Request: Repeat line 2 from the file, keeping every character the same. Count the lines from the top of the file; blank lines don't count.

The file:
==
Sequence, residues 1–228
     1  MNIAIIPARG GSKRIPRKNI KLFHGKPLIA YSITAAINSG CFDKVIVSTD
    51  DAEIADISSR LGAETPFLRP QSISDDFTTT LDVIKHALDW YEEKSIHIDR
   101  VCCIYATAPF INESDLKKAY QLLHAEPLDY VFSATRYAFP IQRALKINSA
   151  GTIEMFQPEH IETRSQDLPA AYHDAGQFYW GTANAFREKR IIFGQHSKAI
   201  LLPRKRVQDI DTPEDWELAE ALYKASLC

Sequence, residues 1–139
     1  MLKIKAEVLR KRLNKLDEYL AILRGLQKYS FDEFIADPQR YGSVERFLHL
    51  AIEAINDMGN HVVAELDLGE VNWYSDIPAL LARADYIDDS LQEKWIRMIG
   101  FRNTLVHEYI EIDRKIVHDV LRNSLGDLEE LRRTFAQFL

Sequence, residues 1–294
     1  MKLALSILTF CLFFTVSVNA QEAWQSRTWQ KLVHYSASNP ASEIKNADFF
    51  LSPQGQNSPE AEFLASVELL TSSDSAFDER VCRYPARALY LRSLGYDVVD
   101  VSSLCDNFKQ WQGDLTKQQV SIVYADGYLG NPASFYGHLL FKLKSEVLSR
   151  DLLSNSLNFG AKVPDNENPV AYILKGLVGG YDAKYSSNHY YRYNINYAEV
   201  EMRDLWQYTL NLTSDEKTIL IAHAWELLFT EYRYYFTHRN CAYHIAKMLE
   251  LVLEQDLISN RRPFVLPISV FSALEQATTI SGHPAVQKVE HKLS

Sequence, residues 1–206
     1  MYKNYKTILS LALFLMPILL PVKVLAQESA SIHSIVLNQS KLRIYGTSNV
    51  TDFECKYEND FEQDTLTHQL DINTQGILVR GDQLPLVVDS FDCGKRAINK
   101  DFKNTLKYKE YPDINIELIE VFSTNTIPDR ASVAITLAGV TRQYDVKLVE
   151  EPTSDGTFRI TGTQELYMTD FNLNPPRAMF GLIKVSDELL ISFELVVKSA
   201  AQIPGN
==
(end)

     1  MNIAIIPARG GSKRIPRKNI KLFHGKPLIA YSITAAINSG CFDKVIVSTD